This report primarily focuses on minority and indigenous communities and their experiences during COVID-19. But we also turn our gaze inward briefly. In seeking to come to terms with the loss and the trauma inflicted by the pandemic, it is incumbent on us all to extract the painful lessons emerging from this experience to be better prepared for similar crises in future.
Our work at Minority Rights Group (MRG) interacts with many systems: international human rights mechanisms, development and aid provision, national advocacy and law making, judicial processes, service delivery and civil society solidarity. All of these were affected in some way by COVID-19, forcing us to rethink ways of working which, it turned out, were often dictated by habit and custom rather than necessitated by external realities.
One lesson we take away from this time is how to overcome our own resistance to change. Some ways of doing things may have changed permanently; others may revert back eventually (with or without good reason). COVID-19 highlighted how poorly designed systems were rendered ineffective in responding to a swift global challenge of this kind. In particular, it demonstrated how easily local, national and international solidarity broke down in the face of adversity. When faced with crisis, it seems, we mostly put our own needs first. Those with greater social, political or economic capital ‘won’ against those with lower status, who were less well connected or less well off. Combating these recurring patterns lies at the heart of the minority and indigenous rights and anti-discrimination mission that MRG exists for.
Prior to the pandemic, international human rights mechanisms had strongly resisted virtual participation in forums and debates. After initial postponements and cancellations, these objections were swept away and virtual participation is now routine. This has made involvement more egalitarian and cost effective but has also heightened the digital divide. Internet connectivity and equipment is not yet in place for all — with minority and indigenous communities disproportionately affected. Virtual attendance also fails to replicate the access to decision makers that ‘corridor’ lobbying normally provides, by speaking to decision makers face-to-face on the margins of physical meetings. It remains to be seen how this will settle post-pandemic. Retaining the benefits of virtual participation alongside some of the benefits of physical attendance may require designing virtual opportunities that simulate corridor lobbying online.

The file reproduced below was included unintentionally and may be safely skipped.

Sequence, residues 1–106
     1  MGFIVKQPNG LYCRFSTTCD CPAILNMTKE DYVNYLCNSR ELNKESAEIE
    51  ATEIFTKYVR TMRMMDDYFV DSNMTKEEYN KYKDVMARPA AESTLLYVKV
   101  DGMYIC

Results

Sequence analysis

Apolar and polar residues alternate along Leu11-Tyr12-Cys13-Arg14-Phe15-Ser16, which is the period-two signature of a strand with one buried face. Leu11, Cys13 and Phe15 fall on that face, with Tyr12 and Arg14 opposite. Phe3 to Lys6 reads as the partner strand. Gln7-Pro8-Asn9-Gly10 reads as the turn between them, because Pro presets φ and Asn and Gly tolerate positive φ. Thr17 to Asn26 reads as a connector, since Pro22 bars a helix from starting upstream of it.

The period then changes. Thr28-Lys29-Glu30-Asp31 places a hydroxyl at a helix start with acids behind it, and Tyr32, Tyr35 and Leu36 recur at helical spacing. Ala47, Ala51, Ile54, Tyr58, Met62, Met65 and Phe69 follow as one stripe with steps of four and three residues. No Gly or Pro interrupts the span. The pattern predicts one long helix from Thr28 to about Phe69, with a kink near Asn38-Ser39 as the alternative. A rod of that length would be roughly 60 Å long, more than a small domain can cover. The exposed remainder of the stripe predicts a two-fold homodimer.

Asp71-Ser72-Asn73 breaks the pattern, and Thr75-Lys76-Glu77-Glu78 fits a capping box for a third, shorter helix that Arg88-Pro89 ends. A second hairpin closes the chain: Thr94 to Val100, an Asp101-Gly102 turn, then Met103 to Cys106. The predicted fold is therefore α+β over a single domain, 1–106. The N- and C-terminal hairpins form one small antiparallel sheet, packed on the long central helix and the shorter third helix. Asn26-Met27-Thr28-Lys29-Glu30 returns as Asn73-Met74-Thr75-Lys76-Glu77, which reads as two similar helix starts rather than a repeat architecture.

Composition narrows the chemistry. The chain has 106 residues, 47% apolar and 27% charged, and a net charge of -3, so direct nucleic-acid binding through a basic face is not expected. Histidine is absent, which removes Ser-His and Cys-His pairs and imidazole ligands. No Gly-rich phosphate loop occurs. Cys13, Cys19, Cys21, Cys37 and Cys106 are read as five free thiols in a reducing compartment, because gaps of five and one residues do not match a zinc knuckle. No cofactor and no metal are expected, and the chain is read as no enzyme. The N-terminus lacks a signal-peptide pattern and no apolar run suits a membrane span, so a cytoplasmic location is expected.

As an organization primarily funded to deliver restricted projects, we faced the challenge of needing to renegotiate a large number of contracts to pivot work into new directions as the original interventions were no longer possible, relevant or appropriate. This generated significant workload burdens and also led to delays in rolling out our responses. A more appropriate ‘disaster preparedness’ contract provision would have allowed donors to remove restrictions from a small proportion of restricted funding, limiting activities to the charitable objectives of the recipient organization or to project objectives without need for lengthy renegotiations. Such a mechanism could be triggered at the discretion of the donor during a global or national emergency, providing a swift, efficient and effective response by those who already have partnerships in place and are actively working to respond within their means to a crisis as it unfolds.
As the pandemic has highlighted, MRG’s work needs to continue whatever the conditions we face since our communities of concern will inevitably be pushed behind. It is therefore imperative for us to find innovative and effective ways to maintain the struggle, supporting marginalized communities and influencing institutions and the wider public until the systemic discrimination highlighted in this volume is a thing of the past. We hope the contents will provide you with insights, information, inspiration and motivation to join and accompany us on what is still a long and much needed journey towards equality, inclusion and participation for all.
Photo: Migrant workers carry their belongings as they walk along a road to return to their villages, during a 21-day nationwide lockdown to limit the spreading of COVID-19, in New Delhi, India, March 26, 2020. Credit: REUTERS/Danish Siddiqui.